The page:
Bay State casinos may hurt neighbors
September 25, 2011 - 1:01 am
It appears to be a foregone conclusion that Massachusetts is gaming’s next big expansion market.
The state’s governor and legislative leaders are on board with a bill calling for three Las Vegas-style casinos and a slot machine parlor, all located in separate geographic regions of the state, including metropolitan Boston.
Opposition has gone silent.
The measure sailed through the state’s House of Representatives more than a week ago by a better than 4-to-1 vote. The senate is expected to pick up the debate on Monday.
Nevada’s slot machine manufacturers are ready to fire up the production lines for an estimated 10,000 new games that will be needed to fill the casino floors. Operators such as Las Vegas Sands Corp. and Caesars Entertainment Corp. — whose chairmen have longtime ties to Massachusetts — are planning their responses to the anticipated request for proposals.
Union Gaming Group Principal Bill Lerner estimated that a Boston-area casino could generate up to $1.5 billion annually in gaming revenues. The other two casinos could produce between $380 million and $430 million in gaming revenues. The tax rate for the casinos is 25 percent.
So why is Deutsche Bank gaming analyst Andrew Zarnett throwing words of caution into the mix?
Zarnett, who follows the industry’s holdings in the high-yield bond market, told investors in a research note that Massachusetts casinos could lead to additional gaming expansion in the already saturated Northeast casino market.
If Massachusetts moves forward with its casino bill, Zarnett predicted that Maine, Rhode Island and New Hampshire could also explore gaming expansion through either the legislative process or a voter-mandated referendum.
“Casino expansion is a hot topic in many states these days that are facing severe budget shortfalls,” Zarnett said. “It is difficult to predict the outcome of such legislation in a nonelection year.”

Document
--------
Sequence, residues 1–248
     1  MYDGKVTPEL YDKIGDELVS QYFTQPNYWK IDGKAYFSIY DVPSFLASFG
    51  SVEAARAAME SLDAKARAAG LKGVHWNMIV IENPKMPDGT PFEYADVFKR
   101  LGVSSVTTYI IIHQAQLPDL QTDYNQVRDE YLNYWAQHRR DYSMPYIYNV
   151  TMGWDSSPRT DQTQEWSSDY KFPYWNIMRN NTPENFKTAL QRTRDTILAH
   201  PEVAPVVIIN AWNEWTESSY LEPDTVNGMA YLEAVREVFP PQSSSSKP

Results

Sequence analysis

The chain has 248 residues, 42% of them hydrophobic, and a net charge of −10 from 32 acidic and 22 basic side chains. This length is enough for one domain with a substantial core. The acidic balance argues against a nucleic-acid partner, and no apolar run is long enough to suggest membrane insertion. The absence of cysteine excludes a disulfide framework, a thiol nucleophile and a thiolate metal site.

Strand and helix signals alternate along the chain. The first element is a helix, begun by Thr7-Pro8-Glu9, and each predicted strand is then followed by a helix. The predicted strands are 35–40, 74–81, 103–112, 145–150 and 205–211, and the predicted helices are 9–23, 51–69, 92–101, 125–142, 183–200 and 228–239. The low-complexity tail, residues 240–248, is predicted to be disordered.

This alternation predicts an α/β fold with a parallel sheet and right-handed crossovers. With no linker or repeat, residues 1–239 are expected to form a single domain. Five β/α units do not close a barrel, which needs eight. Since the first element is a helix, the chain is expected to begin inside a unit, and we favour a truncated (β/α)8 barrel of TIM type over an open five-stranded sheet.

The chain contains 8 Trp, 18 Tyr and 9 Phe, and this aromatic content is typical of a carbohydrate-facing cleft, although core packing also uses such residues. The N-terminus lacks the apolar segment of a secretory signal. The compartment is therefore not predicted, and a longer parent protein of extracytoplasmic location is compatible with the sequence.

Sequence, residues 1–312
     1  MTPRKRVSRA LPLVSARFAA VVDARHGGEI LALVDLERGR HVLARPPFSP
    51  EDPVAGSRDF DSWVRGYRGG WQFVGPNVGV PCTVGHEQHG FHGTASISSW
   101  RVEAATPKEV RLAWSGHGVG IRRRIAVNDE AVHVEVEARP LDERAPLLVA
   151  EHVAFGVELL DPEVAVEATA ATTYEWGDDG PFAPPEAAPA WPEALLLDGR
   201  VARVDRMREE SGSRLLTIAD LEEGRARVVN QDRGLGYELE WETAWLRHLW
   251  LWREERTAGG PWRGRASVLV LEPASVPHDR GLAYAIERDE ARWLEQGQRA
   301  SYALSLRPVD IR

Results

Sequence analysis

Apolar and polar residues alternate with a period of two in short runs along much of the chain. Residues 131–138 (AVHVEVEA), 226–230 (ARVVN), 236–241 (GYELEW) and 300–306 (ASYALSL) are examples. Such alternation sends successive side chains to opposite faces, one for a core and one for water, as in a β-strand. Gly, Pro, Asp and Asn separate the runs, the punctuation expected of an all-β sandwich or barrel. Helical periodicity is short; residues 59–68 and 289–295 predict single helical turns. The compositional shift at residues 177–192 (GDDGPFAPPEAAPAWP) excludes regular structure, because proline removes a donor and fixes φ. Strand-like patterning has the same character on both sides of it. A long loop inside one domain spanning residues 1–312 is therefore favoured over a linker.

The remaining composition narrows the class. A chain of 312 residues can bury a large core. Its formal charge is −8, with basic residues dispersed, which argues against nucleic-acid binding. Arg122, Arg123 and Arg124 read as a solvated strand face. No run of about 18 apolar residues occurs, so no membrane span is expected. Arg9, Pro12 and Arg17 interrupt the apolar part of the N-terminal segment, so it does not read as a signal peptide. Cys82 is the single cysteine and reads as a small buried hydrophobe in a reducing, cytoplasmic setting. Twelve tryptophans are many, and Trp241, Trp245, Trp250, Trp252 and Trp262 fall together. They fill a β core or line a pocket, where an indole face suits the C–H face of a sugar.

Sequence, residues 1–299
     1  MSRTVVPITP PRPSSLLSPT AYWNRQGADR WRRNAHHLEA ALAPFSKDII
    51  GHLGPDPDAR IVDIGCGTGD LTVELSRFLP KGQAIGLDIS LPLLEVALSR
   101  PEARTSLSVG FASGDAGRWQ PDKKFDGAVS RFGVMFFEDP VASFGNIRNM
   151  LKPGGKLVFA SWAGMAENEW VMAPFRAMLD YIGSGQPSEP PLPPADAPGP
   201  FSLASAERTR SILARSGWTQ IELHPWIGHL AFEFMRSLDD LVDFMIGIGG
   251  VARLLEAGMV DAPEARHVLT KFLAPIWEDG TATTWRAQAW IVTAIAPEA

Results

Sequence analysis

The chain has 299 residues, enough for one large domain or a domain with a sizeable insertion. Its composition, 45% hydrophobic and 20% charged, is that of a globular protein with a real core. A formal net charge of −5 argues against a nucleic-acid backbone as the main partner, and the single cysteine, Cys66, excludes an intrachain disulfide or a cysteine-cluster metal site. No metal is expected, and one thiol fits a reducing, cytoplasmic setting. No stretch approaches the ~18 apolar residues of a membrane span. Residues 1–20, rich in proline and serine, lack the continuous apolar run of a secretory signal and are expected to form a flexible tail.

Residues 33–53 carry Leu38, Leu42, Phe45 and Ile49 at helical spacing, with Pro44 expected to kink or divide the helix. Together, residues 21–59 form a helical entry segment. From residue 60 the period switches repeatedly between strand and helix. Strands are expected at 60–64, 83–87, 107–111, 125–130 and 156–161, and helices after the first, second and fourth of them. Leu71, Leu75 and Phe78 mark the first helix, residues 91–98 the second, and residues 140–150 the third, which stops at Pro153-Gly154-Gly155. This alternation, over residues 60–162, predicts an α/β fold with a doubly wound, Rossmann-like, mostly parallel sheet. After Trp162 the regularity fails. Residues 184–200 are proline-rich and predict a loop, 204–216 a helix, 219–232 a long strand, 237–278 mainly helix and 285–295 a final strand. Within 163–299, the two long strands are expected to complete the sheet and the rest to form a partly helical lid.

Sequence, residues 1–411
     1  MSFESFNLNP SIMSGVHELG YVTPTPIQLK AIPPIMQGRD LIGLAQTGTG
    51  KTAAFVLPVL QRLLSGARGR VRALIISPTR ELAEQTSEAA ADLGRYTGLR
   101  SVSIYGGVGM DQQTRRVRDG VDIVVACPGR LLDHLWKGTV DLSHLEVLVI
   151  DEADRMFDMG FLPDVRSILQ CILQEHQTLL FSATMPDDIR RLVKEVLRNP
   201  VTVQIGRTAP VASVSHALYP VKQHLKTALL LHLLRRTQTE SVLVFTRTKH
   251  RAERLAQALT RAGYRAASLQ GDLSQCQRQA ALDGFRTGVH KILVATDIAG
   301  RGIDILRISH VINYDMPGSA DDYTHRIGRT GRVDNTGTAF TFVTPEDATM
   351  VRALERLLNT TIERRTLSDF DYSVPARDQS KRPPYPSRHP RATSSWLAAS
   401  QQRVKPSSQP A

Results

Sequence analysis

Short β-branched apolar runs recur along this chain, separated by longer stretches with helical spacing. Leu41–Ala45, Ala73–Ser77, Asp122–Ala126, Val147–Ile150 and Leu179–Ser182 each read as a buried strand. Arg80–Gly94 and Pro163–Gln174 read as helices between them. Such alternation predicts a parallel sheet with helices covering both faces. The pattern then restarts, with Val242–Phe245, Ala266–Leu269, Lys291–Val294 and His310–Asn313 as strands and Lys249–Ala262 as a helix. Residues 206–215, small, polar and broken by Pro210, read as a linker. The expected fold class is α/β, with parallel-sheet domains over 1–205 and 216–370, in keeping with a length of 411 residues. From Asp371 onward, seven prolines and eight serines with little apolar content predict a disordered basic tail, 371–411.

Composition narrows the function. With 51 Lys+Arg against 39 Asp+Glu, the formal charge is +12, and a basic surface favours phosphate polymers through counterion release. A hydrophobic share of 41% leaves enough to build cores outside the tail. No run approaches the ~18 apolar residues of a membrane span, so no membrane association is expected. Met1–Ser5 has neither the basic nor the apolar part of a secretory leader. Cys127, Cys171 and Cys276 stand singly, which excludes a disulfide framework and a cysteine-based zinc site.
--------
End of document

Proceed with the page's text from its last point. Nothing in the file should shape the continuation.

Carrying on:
Clearly, casinos in Massachusetts cause concern for the two Indian casinos in neighboring Connecticut. According to a study, 35 percent of the revenues for the Mohegan Sun and Foxwoods come from Massachusetts residents.
Back in June, Zarnett cautioned that gaming expansion in Illinois and Ohio could hurt casinos in neighboring states, such as Indiana. Massachusetts would not only hurt Connecticut, but could damage the already-decimated market in Atlantic City, which has seen three years of declining gaming revenues because of the economy and competition from Pennsylvania.
“Historically, it is well documented that competitor products closer to the source market negatively impacts casinos in neighboring states,” Zarnett said. “The percentage of cannibalization has increased, especially in this economic malaise.”
If casinos open in new states, it becomes a matter of convenience for gamblers. The recession has zapped the wallets and spending habits of consumers. They have less free time to spend their reduced discretionary income.
Instead of traveling to casinos in Connecticut, Atlantic City or any other nearby destination, customers have been and will continue to remain closer to home.
Zarnett told investors last week that the recession has pushed income levels back to 1996 figures.
“(It) reinforces our view that the current climate of economic stagnation continues to negatively impact leisure spending,” Zarnett said. “This is supported by the weak jurisdictional data we have witnessed over the last three years and continues to this day.”
The Northeast gets even more complicated by casino openings on the immediate horizon.
The Aqueduct Race Track’s 190,000-square-foot casino — with 2,280 slot machinelike video lottery terminals and nearly two dozen electronic table games — opens in October in the heart of New York City. The Revel project will add a new resort to Atlantic City next year while a casino in Maine operated by the Silverton opens in the spring.
New York is exploring additional casino expansion, including a project in the Catskills.
With Massachusetts seemingly holding all the aces in the deck, the question is whether other states will ante their way into the game.
“Should any of these gaming expansions come to fruition, the end result will be more saturation on the East Coast gaming market, adding more strain on Connecticut casinos,” Zarnett said.
Howard Stutz’s Inside Gaming column appears Sundays. He can be reached at email@example.com or 702-477-3871. He blogs at lvrj.com/blogs/stutz.
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